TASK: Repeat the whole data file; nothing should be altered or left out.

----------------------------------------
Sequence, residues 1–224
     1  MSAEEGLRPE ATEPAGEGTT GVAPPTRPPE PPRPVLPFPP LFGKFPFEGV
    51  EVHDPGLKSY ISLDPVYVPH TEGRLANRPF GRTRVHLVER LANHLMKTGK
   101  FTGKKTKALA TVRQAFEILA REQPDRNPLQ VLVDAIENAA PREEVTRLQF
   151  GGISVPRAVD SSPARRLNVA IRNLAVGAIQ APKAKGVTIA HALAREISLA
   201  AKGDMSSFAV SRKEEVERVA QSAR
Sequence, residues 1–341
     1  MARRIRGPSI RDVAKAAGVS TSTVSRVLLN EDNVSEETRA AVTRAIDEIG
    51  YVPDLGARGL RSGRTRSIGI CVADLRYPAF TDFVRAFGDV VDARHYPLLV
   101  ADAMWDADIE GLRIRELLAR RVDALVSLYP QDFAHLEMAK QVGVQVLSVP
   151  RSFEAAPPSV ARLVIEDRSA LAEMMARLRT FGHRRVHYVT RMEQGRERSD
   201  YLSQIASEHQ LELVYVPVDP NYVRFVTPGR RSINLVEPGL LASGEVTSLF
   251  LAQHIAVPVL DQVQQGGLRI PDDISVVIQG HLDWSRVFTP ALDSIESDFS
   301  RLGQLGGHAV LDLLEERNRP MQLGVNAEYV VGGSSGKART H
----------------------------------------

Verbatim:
Sequence, residues 1–224
     1  MSAEEGLRPE ATEPAGEGTT GVAPPTRPPE PPRPVLPFPP LFGKFPFEGV
    51  EVHDPGLKSY ISLDPVYVPH TEGRLANRPF GRTRVHLVER LANHLMKTGK
   101  FTGKKTKALA TVRQAFEILA REQPDRNPLQ VLVDAIENAA PREEVTRLQF
   151  GGISVPRAVD SSPARRLNVA IRNLAVGAIQ APKAKGVTIA HALAREISLA
   201  AKGDMSSFAV SRKEEVERVA QSAR
Sequence, residues 1–341
     1  MARRIRGPSI RDVAKAAGVS TSTVSRVLLN EDNVSEETRA AVTRAIDEIG
    51  YVPDLGARGL RSGRTRSIGI CVADLRYPAF TDFVRAFGDV VDARHYPLLV
   101  ADAMWDADIE GLRIRELLAR RVDALVSLYP QDFAHLEMAK QVGVQVLSVP
   151  RSFEAAPPSV ARLVIEDRSA LAEMMARLRT FGHRRVHYVT RMEQGRERSD
   201  YLSQIASEHQ LELVYVPVDP NYVRFVTPGR RSINLVEPGL LASGEVTSLF
   251  LAQHIAVPVL DQVQQGGLRI PDDISVVIQG HLDWSRVFTP ALDSIESDFS
   301  RLGQLGGHAV LDLLEERNRP MQLGVNAEYV VGGSSGKART H